Focused on teaching the Basic Lindy Hop movement (a.k.a. the Swingout) and approximately 15 fundamental, building-block movements used in Lindy Hop. Attention is given to defining your social dancing skills and enhancing your fun when dancing TO the music and dancing WITH your partner.  Each week you refine your Lead or Follow skills through fun, easily executable and improvisional movements.  You'll strengthen, naturally, the tools and framework YOU need to grow your fun of the dance.  With patience and just a bit of practice, every student WILL dance comfortably at the end of the session.

If you've NEVER taken a dance lesson or if you've had East or West Coast Swing lessons, but not Lindy lessons, I recommend starting with here.


Improve your connection and frame by breaking down 4 positions/techniques where approximately 16 movements are Leadable/Followable.  Get a better understanding of how to move WITH the music.  Expand your improvisational dance skills through movements that "work" because the Lead and Follow are "connected".  Strengthen your muscle memory through consistent placement of your hands and the positioning of your weight in relation to your partner's weight.

If you've taken any Lindy Hop lessons previously, this is the class for you. 

Partnering skills
Strengthen the connection and frame techniques used in Lindy Hop.  You will improve your musicality, learn how to avoid mishaps on a crowded dance floor, and get tools & tips to make to your partner smile.  This class has very few defined "moves/movements", as the concentration is on learning and understanding how your weight can AND does change what you and your partner do while dancing.  Good introduction to Blues dancing (ala David).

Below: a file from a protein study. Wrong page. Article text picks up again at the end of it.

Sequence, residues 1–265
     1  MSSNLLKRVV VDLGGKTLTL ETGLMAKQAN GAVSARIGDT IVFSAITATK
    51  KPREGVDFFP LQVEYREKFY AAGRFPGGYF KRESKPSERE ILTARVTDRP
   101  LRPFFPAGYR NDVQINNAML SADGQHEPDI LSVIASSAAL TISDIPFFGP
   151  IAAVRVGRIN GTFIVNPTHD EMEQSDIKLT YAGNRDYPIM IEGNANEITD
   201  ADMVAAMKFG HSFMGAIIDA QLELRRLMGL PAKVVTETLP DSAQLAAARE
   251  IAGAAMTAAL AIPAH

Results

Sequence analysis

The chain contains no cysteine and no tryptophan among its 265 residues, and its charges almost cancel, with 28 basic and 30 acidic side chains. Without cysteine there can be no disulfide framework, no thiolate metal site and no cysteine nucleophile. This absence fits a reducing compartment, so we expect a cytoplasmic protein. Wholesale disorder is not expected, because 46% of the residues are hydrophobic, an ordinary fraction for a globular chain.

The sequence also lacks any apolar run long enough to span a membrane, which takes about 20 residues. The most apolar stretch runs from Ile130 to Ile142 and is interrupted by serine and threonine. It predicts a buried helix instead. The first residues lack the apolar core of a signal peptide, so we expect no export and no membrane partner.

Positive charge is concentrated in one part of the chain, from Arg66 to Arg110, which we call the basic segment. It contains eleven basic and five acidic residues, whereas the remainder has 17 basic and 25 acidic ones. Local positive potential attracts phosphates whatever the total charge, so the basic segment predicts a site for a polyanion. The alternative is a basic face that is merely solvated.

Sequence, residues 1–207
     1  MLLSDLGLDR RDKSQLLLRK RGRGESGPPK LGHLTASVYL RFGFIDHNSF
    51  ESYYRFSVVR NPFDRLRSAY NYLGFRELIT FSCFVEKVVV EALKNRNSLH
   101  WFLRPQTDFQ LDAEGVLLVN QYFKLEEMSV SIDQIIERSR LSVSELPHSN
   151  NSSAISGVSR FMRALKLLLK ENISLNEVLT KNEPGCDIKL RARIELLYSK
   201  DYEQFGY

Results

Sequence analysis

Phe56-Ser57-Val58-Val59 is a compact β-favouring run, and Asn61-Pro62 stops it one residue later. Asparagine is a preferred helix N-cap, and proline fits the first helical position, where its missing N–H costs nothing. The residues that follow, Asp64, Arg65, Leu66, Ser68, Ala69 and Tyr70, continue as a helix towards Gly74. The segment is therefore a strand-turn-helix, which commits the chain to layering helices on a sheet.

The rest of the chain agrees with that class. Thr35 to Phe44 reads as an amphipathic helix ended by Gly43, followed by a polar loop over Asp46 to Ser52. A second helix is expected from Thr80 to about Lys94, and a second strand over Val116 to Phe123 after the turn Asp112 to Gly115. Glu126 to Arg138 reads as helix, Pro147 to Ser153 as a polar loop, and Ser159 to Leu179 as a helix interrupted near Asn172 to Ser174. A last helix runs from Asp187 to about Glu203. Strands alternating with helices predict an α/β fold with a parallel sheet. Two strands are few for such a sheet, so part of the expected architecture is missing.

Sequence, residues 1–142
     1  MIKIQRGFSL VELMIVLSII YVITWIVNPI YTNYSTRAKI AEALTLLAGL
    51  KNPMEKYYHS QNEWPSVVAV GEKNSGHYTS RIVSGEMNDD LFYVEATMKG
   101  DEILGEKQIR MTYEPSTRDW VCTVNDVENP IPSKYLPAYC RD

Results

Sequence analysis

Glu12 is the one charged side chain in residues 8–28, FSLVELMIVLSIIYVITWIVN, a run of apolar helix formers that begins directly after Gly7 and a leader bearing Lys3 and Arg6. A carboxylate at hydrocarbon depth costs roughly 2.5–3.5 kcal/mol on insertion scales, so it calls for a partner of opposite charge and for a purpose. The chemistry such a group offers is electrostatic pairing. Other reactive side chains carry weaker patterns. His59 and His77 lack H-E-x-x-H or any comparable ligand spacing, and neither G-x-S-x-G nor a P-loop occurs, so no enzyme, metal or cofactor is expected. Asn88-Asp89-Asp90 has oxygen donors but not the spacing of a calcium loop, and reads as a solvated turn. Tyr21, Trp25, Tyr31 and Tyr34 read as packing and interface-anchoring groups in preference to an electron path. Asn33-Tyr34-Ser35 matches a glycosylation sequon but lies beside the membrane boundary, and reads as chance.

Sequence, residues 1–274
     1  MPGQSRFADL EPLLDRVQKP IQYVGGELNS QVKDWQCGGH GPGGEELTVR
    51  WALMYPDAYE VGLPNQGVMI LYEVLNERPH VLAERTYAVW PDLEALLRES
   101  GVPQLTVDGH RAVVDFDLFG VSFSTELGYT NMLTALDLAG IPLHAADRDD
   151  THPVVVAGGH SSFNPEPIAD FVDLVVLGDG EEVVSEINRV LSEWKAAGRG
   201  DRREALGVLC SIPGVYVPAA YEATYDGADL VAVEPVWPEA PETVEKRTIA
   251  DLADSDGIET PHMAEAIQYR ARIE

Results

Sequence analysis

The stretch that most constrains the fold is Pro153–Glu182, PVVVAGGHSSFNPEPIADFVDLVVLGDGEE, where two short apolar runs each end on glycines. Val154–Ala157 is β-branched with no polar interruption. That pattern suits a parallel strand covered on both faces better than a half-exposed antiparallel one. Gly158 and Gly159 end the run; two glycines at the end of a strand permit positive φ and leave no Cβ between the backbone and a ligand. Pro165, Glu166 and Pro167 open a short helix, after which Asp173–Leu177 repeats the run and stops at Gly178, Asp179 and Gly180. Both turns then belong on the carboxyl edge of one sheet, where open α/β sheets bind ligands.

While this class covers advanced material, I recommend this class for dancers of all skill levels.  There's something for everyone. 

Learning Process

Not everyone learns at the same pace, nor in the same fashion. My purpose is to help you achieve at YOUR pace.  It's more important for my students to feel comfortable doing one movement then struggling to grasp everything!  Once they're comfortable with that one, they can comfortably move on to more.  My "thing" about learning Lindy Hop is that you should have FUN while doing it. 
  • Execute everything slowly rather than rushing yourself.  Your body learns quicker through deliberate motions, not rushed motions.
  • If you don't understand an instruction DON'T BE SHY, ask for a different explanation. There ARE several ways to explain every thing you do in Lindy Hop.  The class is for YOU to learn at your pace, not for me to get through a certain amount of material. 

Class Structure

  • It's impossible to cram everything taught in any class into your memory, and then have hopes of performing it expertly.  Everything learned is through repetition.
  • I ask all students to rotate partners. Dancing is a social activity and it's important to be comfortable dancing with several people, not just one person.
  • The first hour of my CFU class focuses on instruction and the last half hour is dance practice. This allows you to immediately put any new movements into practial use. The first half hour of the Turnverein class covers the Basic (Swingout). 

Dance Lesson Etiquette

  • Smile! It does wonders for your partner AND you during a dance.
  • Look at your partner, not the floor or the surrounding area!  This is a PARTNER DANCE and remember you're dancing with someone!!
  • Remember that it's "only" a dance, so there's no reason to be critical of yourself or your partner.  It's far more important to work towards having fun with each other.
  • Always acknowledge and apologize whenever you or your partner bumps into someone, even if the other dancers "caused" the bump. Then always ask your partner if they are okay.
  • During classes it can be helpful to provide small amounts of KIND criticism, but NEVER offer on the social dance floor unless you're asked. 
  • NEVER tell your classmates or partners that they are doing "it" wrong.  Even experienced dancers have to adjust and learn how to dance with their new partners.
  • Remember that people learn at different paces. You may immediately understand a concept, others may need to practice it several times.
  • Leads should ALWAYS dance at the skill level of their partner, NEVER above it!